Kawau is home to the iconic Mansion House. Surrounding the house and extending up the valley are exotic gardens established by Sir George Grey.
Kawau Island is also the site of one of New Zealand's earliest mining ventures. Remnants of the copper mining industry remain and can be explored using the network of tracks through the Kawau Island Historic Reserve.
The Kawau Island Historic Reserve was created to protect Mansion House and gardens, together with sites and relics from the historic copper industry.
Today about 10% of the island is protected as publicly owned reserves managed by the Department of Conservation. The remainder of the island is privately owned with a small resident population.
Kawau is associated with the early ancestor Toi te huatahi from whom comes the island’s traditional name ‘Te Kawau tumaro o Toi’. The island is reputed to have been settled by descendants of Toi and later by descendants of the crews of the Arawa and Tainui canoes.
For three centuries the island was occupied by the people known as Ngāti Tai who were later defeated by the Te Kawerau iwi, specifically Ngāti Manuhiri.
During the 18th century there was continuing conflict between the resident Kawerau and the Marutūahu confederation of tribes from the Hauraki area over access to the shark fishing grounds.
Kawau was later abandoned after the musket war raids in the 1820s by Ngapuhi, and remained unoccupied until the 1830s. In this period the Ngāti Manuhiri hapu of Te Kawerau and Ngātiwai returned to the island and the adjoining coastline where they remain to this day.
After protracted debate over ownership Kawau was sold in the 1840s to W.T. Fairburn of the North British Australasian Loan and Investment Company.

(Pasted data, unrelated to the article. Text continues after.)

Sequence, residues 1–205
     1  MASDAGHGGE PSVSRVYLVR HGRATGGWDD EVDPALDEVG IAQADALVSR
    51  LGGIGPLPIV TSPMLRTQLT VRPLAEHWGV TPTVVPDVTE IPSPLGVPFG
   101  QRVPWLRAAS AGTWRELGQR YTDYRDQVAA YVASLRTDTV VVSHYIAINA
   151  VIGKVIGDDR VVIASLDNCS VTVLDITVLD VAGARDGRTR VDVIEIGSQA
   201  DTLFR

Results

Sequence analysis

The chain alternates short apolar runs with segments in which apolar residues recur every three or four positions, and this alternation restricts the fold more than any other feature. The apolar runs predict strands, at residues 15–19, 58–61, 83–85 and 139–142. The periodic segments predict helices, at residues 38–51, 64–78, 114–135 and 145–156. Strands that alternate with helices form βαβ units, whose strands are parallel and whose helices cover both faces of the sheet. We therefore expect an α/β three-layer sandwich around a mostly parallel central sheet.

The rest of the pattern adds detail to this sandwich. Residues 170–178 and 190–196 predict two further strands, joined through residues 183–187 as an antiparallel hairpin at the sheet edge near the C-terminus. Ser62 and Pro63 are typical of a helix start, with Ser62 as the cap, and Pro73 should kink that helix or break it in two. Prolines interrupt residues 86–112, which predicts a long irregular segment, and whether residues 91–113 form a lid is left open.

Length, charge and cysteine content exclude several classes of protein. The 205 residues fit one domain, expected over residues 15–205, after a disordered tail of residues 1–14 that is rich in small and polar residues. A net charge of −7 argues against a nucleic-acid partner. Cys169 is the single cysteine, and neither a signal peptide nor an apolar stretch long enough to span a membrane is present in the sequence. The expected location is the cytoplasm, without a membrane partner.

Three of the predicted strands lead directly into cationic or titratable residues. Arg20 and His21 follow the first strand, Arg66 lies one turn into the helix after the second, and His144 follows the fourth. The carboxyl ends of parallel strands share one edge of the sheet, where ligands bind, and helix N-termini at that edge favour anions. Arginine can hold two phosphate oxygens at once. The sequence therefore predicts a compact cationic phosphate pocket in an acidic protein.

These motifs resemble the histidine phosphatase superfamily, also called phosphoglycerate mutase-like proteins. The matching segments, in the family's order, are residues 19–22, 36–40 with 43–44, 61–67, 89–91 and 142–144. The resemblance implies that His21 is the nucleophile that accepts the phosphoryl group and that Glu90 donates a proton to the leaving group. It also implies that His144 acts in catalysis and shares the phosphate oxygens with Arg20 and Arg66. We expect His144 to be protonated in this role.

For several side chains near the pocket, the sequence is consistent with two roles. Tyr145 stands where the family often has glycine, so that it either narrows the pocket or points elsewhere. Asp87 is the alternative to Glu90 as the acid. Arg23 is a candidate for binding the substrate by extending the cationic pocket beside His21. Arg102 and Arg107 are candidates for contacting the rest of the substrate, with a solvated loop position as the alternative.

Historic copper industry
Copper was discovered by accident. The original mining operations were to extract manganese. Copper was mined from 1844 until June 1852 when the mines were inundated.
There were up to 300 people living on the island during this period. Mining villages were located at Mansion House Bay, Two House Bay, Sunny Bay, Schoolhouse Bay, Dispute Cove and Miners Bay.
The copper ore eventually became difficult to extract, because most of the mine workings were below sea level and had to be constantly pumped free of water.
Problems were also encountered shipping the ore to the Northern Hemisphere. In 1849 a smelting works was built to partially process the ore on the island. A rival smelting operation was built on Motuketekete Island.
Eventually flooding and competition between two companies working the same ore body led to closure of the mine in 1852. There were further attempts to reopen the mine in 1854-55 and 1900-02, but it is likely that little copper ore remains.
Coppermine engine house and smelting house
The ruins of a sandstone building built to house the steam engine and pump which kept the mine free of water is one of the more visible relics of the copper industry. Built in 1854 during an attempt to de-water the mines, it is very similar to engine houses found in Cornwall, the home of many of the Kawau miners. The enginehouse is located beside the mine workings at Mine Point.
Another ruin which can be visited or viewed by boat is the old smelting house in the Smelting House Historic Reserve, on the north side of Bon Accord Harbour. A busy industrial complex and village which once stood on this site is now marked only by the sandstone walls of the smelting house building.